K giants are also really interesting because Jupiter-sized exoplanets orbiting these old, giant stars have been found to be more common than Jupiter-sized exoplanets orbiting less massive stars that are still on the main sequence. These exoplanets around K giants have been found by the popular radial velocity (Doppler shift) method.
Also, some of these K giants have debris disks, sometimes even dustier than their younger counterparts. This is surprising, because giants are very bright and light from the star exerts radiation pressure on small dust particles that ought to blow the dust away, or cause them to slow down and spiral into the star and be swallowed up.
So where is the dust around these K giants coming from? Nobody really knows yet, but there are several hypotheses. One is that dust is coming from the star itself. Another is that the dust is in fact interstellar dust in our galaxy. A third is that giants are breaking up more comets. Whatever the cause, we have a lot of K giants in our list of DDOIs that potentially have dusty disks–so once we can follow these up with telescopes we will be able to help solve this mystery.
Dawoon Jung (@dirkpitt2050) is a graduate student at the International Space University currently at NASA Goddard Space Flight Center doing a summer internship with the Disk Detective team. He was born in Korea, and is interested in exoplanets and space flight.
In our last blog post, we invited you to submit interesting targets to follow up with the Tillinghast 1.5m telescope at Mt. Hopkins this spring. Thank you to jessicamh, Gez Quiruga, arvintan, kmasterdo, silviug, wtaskew, cpitney, Pini2013, Ted91, Vinokurov, michiharu and everyone else who submitted targets! Thanks to your help, we picked out 102 objects to follow up this spring. The observing starts tomorrow night.
And guess what? We’ve got more follow-up observing planned for the fall semester, and also for the Southern hemisphere, with help from our new collaborators, Luciano Garcia and Mercedes Gomez from Observatorio Astronómico de Córdoba and Christoph Baranec from the University of Hawaii.
So we’re keeping that target submission form open. From now on, whenever you find an interesting target, anywhere in the sky, feel free to submit it.
And now that we’ve been through this process, I can better explain how we decided what to follow up this time. This part of the blog post is going to be a bit technical–so feel free to skip it, or ask us for more info if you get tripped up by the jargon.
Main sequence stars (aka dwarfs)
Luminosity Class IV stars: A IV, F IV, G IV, K IV, M IV.
A III, F III, G III and K III stars
T Tauri stars and Herbig Ae stars
objects with distance < 200 parsecs
objects with proper motion > 30 milliarcsec/year
We generally don’t want to follow up:
galaxies, Active Galactic Nuclei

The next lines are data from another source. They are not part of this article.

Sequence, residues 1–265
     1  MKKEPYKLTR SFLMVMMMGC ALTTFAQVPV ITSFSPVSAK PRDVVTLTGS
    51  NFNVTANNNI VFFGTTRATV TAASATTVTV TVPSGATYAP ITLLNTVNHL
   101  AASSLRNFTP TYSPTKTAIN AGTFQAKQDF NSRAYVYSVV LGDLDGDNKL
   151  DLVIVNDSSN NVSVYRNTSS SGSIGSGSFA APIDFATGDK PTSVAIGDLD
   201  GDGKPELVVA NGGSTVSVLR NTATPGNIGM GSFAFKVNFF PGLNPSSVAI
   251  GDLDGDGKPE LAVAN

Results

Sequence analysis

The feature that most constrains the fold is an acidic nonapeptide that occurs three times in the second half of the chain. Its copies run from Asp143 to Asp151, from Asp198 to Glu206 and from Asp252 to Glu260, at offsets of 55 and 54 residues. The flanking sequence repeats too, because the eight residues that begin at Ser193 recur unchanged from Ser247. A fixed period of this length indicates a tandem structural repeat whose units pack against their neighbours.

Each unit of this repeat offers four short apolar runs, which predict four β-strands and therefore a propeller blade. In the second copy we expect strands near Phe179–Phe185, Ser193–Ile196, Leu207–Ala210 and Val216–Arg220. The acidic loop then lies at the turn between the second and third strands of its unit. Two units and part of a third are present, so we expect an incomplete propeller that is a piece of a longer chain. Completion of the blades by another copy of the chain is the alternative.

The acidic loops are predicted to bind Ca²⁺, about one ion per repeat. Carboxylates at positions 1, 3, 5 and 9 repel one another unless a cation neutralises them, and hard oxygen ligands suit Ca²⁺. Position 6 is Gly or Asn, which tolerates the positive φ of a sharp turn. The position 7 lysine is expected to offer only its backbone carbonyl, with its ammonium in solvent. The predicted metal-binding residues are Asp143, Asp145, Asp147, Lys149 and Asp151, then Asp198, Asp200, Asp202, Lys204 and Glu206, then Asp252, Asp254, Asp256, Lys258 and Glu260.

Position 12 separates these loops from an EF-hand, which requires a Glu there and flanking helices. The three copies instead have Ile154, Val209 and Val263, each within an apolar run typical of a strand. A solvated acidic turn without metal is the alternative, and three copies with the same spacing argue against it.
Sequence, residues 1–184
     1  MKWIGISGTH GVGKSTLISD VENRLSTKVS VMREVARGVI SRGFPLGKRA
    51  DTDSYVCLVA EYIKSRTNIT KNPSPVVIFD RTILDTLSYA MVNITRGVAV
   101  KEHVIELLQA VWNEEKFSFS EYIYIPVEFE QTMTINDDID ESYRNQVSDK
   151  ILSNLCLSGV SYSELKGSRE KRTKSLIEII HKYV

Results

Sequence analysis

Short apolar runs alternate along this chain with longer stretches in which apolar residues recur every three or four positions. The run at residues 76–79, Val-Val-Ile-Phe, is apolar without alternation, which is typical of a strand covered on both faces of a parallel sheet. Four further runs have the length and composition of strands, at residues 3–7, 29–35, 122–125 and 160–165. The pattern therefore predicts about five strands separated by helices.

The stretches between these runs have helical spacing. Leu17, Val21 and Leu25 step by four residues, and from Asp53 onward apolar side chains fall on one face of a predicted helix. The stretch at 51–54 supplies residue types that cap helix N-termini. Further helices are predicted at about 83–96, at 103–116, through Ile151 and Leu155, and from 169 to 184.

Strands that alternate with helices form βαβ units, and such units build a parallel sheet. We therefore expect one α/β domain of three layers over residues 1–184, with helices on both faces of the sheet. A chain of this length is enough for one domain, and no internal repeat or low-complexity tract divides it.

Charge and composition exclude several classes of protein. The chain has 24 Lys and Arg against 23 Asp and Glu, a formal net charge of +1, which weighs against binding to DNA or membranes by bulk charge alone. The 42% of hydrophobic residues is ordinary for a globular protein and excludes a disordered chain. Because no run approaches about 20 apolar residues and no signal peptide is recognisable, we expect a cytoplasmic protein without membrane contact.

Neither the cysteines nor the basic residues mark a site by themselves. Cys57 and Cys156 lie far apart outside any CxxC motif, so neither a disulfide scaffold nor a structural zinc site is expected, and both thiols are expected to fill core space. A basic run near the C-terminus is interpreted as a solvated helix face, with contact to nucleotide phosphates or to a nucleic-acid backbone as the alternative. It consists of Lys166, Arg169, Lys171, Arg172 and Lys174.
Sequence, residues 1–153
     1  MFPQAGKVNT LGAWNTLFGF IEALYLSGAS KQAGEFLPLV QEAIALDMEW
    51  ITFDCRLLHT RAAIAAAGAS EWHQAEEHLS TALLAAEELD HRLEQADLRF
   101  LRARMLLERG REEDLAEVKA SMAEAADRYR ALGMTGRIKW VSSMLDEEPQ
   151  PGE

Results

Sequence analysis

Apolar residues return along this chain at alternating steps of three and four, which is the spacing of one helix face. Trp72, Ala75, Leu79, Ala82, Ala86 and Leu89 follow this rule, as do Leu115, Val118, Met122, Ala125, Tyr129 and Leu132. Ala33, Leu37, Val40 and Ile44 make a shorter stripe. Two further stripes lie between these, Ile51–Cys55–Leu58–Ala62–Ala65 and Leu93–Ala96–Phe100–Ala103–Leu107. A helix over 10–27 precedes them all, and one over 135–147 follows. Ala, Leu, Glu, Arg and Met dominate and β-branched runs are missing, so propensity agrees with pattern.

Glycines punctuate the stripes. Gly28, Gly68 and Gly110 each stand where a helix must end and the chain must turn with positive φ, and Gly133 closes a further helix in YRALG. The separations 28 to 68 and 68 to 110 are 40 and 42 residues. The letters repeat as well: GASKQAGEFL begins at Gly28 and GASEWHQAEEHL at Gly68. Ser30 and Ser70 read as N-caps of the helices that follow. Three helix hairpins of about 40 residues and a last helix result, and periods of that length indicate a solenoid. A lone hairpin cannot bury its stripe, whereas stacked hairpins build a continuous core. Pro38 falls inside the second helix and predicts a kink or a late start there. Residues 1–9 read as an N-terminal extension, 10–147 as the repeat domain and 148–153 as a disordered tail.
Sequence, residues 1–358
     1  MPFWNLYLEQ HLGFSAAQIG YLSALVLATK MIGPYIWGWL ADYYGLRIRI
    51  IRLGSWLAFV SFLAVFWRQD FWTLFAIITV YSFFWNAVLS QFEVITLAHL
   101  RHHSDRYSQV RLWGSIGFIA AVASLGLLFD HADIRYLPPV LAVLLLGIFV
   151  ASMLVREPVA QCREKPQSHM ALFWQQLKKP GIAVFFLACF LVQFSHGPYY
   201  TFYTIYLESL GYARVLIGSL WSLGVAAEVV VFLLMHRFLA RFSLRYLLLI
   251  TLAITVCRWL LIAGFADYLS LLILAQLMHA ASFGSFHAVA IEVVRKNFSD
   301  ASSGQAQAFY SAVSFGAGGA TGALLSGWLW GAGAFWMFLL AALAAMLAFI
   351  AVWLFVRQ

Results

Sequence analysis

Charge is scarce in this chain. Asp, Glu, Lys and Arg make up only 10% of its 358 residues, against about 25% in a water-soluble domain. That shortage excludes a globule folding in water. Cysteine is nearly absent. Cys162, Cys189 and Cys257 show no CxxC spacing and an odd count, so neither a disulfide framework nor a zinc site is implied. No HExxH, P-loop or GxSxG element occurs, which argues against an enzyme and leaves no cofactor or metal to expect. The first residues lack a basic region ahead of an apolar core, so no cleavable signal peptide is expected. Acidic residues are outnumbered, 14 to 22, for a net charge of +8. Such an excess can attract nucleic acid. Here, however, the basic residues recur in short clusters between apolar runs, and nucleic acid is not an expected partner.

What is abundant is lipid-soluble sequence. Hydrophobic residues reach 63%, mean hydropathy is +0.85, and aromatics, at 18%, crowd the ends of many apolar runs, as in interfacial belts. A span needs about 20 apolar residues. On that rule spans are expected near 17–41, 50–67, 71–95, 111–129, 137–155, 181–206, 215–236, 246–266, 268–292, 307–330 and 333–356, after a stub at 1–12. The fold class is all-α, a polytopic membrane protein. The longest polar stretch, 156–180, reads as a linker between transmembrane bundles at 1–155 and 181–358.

blends (i.e. two objects so close together that we can’t analyze them separately)
Also mixed in the lists of possible targets were:
and plenty of objects where we can’t tell what it is
These objects went onto a “Maybe” list, to be followed-up as second priorities.
We could read some of this information from the SIMBAD spectral type. The quality of this information varies, and the SIMBAD spectral type includes a data quality letter (A,B,C,D, or E) where A is the best. Since the purpose of this observing run is to weed out blends and to get more accurate spectral types, we figured it was OK to look at objects where the spectral type quality was poor. But we threw out objects classified in SIMBAD or VizieR as M giants, Cepheids, Be stars, galaxies, Active Galactic Nuclei, eclipsing binaries, O stars or supergiants.
The most common contaminants are M giants and supergiants. We want to avoid those. But some M stars are main sequence stars (dwarfs). Like this one: AWI00003dm Disks around these M dwarfs are rare and interesting and worth extra points! So we must be careful weeding out the M giants and supergiants.
M giants are sneaky! They come with many different labels in SIMBAD and VizieR: Long Period Variables (LPVs), SR+L, Slow Irregular Variables, Miras, Semi-regular Variables, Semiregular pulsating Variables, Carbon stars. All those are kinds of M giants/supergiants and they tend to make their own dust, so we can’t use dust around them as an indicator of a planetary system. We’re not following them up.
Sometimes you can spot an M giant even when there’s no known spectral type. For example, subtract the V magnitude from the K magnitude. If V – K > 3.29, you’re looking at an M star. Then, if a star has a measured distance of thousands of parsecs, you can bet it’s a giant or supergiant. So we declared some objects to be M giants based on color and distance. A real M dwarf is so faint we can only see it if is much closer than 100 parsecs.
Here’s more information about how to guess a star’s spectral type based on its color: http://www.stsci.edu/~inr/intrins.html
If you know you’re looking at an M star, another good clue that it’s a giant/supergiant is if it is highly variable (e.g. amplitude more than one magnitude). So we looked up the variability amplitude for our targets in VizieR as well.
For an M star with no parallax measurement and no variability measurement, it can be hard to tell if you’re looking at a dwarf of giant or supergiant. So I put objects like that on the “maybe” list.
And finally–all the subjects on Disk Detective are preselected to have a certain degree of redness (we require the WISE 4 magnitude to be at most the WISE 1 magnitude – 0.25). But that’s not sufficient to find M star debris disks, since M stars are so cold, and therefore intrinsically red colored. We had to additionally weed out M stars with WISE 4 magnitude > WISE 1 magnitude + 1.0. (I know that sounds terribly confusing–it’s confusing because in the astronomical magnitude system, brighter objects have lower magnitudes. But adding this second criterion says that we are being more demanding when it comes to M stars in terms of how much brighter they need to be in the WISE 4 band than the WISE 1 band.)
Whew—that’s a lot of detail, I know. But now you can see why we try to weed out all those blends and multiples etc. using the handy animated flipbooks on the DiskDetective site before we start all the detailed research on each one.
Here are all the objects on our current version of the follow-up list for the Tillinghast 1.5 m for this spring, below (this list includes the maybes). Thanks again for all your hard work. And keep our fingers crossed for good weather at Mt. Hopkins!